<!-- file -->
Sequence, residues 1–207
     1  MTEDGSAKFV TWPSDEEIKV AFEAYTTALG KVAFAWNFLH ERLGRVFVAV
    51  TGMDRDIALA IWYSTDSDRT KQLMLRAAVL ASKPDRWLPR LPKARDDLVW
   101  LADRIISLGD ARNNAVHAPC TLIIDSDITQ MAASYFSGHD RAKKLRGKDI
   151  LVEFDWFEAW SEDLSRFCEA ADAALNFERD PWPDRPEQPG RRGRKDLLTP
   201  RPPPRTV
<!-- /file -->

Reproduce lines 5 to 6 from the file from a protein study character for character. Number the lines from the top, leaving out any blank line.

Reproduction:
   151  LVEFDWFEAW SEDLSRFCEA ADAALNFERD PWPDRPEQPG RRGRKDLLTP
   201  RPPPRTV